The best advice is to apply for aid at every school. Check out the availability of fellowships, assistantships, etc. The best sources of information are the financial aid offices at the schools to which you are applying.    

Fellowships may be based on financial need and/or academic merit and are granted by universities, private foundations and government agencies. Some universities will waive tuition for fellowship holders. Often there is a 9-12 month stipend, sometimes tax-free. Some of these are for one year and some are renewable.

Traineeships are awards from outside agencies usually administered by graduate programs. The traineeship may or may not involve experience outside of academic work. Assistantships (typically teaching, lab and research assistants) are granted on the basis of need and qualifications.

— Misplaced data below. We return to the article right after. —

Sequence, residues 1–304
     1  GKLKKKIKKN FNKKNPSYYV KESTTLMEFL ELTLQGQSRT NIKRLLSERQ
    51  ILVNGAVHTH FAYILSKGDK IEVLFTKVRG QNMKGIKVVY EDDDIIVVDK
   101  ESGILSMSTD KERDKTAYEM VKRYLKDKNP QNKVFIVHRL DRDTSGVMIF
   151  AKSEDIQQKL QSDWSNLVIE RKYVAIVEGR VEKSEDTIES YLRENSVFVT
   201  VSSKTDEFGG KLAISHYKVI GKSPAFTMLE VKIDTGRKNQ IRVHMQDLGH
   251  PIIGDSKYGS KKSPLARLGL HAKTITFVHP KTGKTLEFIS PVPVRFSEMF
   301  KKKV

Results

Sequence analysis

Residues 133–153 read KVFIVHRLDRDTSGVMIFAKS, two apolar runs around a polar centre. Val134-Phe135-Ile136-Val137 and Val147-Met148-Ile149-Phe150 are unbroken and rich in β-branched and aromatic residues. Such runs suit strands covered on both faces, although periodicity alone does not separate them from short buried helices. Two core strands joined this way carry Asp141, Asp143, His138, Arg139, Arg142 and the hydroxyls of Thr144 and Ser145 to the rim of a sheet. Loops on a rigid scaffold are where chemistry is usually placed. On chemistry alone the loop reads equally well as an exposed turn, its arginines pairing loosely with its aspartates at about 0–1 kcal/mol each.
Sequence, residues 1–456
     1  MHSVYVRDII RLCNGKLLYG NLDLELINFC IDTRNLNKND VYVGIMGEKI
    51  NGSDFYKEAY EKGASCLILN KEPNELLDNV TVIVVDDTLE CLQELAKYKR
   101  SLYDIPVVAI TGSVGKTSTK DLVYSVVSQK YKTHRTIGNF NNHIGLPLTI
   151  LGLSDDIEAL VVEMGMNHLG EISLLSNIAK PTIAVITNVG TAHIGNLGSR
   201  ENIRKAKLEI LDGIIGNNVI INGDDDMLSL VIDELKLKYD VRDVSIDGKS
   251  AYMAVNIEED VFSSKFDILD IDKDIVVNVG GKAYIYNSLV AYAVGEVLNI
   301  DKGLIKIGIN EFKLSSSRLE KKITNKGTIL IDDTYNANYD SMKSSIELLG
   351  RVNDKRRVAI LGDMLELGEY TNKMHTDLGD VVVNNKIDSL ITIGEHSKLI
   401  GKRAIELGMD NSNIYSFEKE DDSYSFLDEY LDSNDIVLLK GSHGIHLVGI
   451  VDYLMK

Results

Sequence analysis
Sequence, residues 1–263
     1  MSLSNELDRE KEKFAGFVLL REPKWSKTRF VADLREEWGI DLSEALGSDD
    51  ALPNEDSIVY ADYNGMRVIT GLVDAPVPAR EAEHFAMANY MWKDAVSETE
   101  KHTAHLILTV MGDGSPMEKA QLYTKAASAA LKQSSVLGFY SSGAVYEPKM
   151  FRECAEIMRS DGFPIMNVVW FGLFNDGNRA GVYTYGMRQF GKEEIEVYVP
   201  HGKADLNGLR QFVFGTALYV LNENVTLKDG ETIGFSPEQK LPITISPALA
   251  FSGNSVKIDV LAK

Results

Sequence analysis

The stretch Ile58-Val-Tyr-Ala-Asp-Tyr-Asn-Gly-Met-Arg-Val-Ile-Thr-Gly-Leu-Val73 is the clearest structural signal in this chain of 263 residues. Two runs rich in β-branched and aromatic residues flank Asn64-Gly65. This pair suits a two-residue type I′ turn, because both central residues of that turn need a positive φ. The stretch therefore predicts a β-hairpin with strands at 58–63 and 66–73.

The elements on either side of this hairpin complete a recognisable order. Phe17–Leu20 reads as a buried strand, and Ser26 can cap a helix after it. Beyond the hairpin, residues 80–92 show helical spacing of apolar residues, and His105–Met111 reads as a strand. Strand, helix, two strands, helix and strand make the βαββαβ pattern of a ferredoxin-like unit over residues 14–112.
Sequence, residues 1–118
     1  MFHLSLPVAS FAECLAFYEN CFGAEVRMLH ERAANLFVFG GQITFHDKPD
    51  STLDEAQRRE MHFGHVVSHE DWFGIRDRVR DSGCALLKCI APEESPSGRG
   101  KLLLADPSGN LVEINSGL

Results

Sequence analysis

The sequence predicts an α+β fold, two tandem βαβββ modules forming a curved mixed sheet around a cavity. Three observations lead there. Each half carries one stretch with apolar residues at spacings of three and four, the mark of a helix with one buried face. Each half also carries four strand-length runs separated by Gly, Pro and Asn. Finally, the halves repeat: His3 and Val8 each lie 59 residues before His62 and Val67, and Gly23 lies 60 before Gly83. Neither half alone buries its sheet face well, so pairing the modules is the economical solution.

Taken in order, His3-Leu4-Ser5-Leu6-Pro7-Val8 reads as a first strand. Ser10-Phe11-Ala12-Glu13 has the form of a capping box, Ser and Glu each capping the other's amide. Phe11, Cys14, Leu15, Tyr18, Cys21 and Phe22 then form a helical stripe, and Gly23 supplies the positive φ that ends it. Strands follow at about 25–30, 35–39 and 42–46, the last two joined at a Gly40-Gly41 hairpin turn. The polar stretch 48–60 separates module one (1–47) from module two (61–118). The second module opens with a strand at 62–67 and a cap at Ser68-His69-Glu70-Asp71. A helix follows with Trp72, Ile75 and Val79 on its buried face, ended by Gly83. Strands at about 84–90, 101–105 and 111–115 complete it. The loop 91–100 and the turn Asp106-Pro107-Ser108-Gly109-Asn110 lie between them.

Other places to look are your undergraduate office of financial aid, your undergraduate department, etc. Also look for state scholarships, to your parents' companies for possible awards, and awards available to minorities, women, children of veterans and children whose parents are deceased. Check with community organizations such as Elks and Rotary.    

Many students take on a job while in graduate school, but only as a last resort. Work, even part-time, is difficult and exhausting with the kind of study schedule you are sure to have. Departments prefer your work be limited to the lab or research type. You may find your institution is willing to work very hard to help you find work directly related to your study if you must work at all.

Financial aid web sites